But I understood: It’s not magic, it can be learned by me (I am not an Aikido talent but have to learn everything the long way), it could be practiced and – that’s important to me: It could be taught by me to my students.
No miracle, just physical.

Quote:
One of those, who during seminars, sit around and admire Endo sensei beautiful technique and how well he applies very sophisticated principles?
Well, last year I attended a yudansha seminar an was very very glad, when there was the opportunity to sit and listen to whatever. I’m just nidan, only 14 years of Aikido then.
I was a junior in that seminar. And I the first day I thought I wouldn’t survive.

I don’t want to admire Endo’s technique, but I want to practice, and to be taught by my seniors and by Sensei himself. What do I get out of it if he can apply whatever but I can’t?
I want to experience whether those “sophisticated principals” work, how they work, how they improve ikkyo or irimi nage (yesterday evening).

Quote:
See, me, I'm not sitting during seminars. I'm not learning from books, DVD or from talks. I'm using all this time for purely physical practice.
Well I’m using only the time I can afford for physical practice. My family, my parish allow only three times a week and the weekends. (I’ve got a colleague and can manage attending seminars.) When I wasn’t married and father and had no own parish I practiced six times a week. … Good old times …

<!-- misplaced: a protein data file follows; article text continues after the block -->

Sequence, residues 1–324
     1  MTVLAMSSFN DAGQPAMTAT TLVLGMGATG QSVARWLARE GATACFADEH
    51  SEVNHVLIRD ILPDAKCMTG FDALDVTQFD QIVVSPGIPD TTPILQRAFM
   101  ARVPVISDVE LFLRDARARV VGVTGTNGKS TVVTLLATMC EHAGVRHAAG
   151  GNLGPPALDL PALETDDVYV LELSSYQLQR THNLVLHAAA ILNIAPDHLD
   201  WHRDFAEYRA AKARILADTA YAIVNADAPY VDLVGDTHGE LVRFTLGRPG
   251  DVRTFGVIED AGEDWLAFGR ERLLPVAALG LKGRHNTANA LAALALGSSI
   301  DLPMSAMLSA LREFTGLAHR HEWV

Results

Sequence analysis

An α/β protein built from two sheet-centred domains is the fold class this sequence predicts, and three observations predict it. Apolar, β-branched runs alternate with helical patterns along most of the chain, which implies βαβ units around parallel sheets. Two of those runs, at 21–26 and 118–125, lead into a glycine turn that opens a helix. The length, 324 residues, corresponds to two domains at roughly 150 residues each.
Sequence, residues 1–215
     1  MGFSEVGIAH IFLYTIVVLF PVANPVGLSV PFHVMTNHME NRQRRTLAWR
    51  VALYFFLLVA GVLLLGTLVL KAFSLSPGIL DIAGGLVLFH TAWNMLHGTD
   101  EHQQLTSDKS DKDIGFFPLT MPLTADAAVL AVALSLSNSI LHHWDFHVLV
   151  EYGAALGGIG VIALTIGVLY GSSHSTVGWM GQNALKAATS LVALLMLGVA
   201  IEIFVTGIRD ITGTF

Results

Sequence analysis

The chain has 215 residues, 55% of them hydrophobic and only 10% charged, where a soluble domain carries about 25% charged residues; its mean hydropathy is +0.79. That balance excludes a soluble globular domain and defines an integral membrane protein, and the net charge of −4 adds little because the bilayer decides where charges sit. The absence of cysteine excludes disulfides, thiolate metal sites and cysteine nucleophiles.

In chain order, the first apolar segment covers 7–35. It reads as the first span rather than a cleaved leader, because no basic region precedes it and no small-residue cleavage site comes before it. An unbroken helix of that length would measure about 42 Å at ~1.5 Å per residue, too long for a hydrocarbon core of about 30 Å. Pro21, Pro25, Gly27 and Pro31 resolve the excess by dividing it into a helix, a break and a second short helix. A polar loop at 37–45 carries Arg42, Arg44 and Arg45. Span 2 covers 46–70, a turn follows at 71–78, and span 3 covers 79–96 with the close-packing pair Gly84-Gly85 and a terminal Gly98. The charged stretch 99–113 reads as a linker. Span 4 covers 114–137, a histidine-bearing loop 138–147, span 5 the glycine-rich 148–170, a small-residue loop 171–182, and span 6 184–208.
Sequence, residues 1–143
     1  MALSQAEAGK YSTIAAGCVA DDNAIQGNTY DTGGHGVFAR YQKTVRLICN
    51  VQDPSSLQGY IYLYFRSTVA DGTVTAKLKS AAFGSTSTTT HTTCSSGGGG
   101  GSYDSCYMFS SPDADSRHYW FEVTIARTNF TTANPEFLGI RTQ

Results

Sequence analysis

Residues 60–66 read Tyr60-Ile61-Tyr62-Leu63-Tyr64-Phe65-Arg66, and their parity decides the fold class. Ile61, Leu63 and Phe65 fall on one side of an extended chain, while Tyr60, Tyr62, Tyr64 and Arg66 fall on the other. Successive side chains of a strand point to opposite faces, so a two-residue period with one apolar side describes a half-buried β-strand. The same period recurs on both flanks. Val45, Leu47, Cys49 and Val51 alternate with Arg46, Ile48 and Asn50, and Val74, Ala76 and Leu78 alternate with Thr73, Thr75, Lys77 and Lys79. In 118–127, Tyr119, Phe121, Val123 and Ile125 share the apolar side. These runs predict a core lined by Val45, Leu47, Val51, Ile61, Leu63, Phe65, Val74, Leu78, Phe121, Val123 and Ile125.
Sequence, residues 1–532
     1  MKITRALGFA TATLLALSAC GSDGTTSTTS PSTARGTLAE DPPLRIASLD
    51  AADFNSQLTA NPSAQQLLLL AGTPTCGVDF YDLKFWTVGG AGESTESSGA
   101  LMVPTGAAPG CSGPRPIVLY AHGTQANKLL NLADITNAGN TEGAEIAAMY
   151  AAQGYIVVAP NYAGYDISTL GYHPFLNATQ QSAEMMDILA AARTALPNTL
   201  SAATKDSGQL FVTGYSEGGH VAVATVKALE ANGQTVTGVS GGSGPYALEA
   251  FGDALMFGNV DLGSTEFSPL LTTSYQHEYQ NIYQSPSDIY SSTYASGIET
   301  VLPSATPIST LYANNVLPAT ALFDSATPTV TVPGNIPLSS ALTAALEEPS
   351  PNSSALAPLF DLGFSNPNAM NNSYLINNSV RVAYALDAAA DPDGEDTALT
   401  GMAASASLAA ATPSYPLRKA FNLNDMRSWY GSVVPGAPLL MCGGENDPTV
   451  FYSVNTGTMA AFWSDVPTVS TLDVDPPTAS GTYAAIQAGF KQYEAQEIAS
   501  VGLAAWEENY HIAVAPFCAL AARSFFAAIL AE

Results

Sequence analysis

So I’m glad to have DVDs, books (which show me that our Aikido is just common Aikikai) or talks.
And: Hey, we are here, talking.

Quote:
You can't teach beginners very sophisticated elements. Even if these elements are ‘the essence' of aikido.
Yes: I think Endo Seminars don’t have much benefit for beginners if they aren’t prepared, explained and evaluated (?) by their teacher.

Quote:
There were many other instructors, not only Yamaguchi and Endo sensei that were trying to teach only ‘essence' to beginners
Well Endo doesn’t teach only the “essence”. He teaches definite kihon waza. And he demands it for grading.

Quote:
… , Nakazono sensei, …
He was the first teacher of Tissier. And your criticism is exactly the same, Tissier voices.

Quote:
In all cases, those who didn't have very solid basic training, were not able to apply even roughly a single one of those sophisticated details with someone who was not very familiar with their style.
You remember: The emphasis on “very solid basic training” was one thing that caught me …

Quote:
Those, who practice only ‘essence' didn't understand at all martial principles i.e. correct distance, because nobody ever hit them strongly …
Yes. It is the way of Endo, which helped me on regarding that point.

best regards (what do you write in english for: bye, await your answer?),

Carsten

Last edited by Carsten Möllering : 04-21-2009 at 02:03 PM.
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Old 04-21-2009, 02:53 PM   #40
Basia Halliop
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Re: Seishiro Endo Shihan - Montreal April 7 - 9 2009

Your discussion reminds me a bit of similar discussions in university regarding different teachers' teaching style. For one thing, it's by nature subjective, since different people learn best differently (what is 'unusually clear' to one person may be exactly what is 'unusually unclear' to another). And a 'good prof' means something different if you take a class with them (i.e., a series of group lectures and assignments), something different if you attend a single stand-alone lecture, and something quite different entirely if they're your supervisor for an individual project of some kind... And it's not like every lecture by the same prof is the same anyway.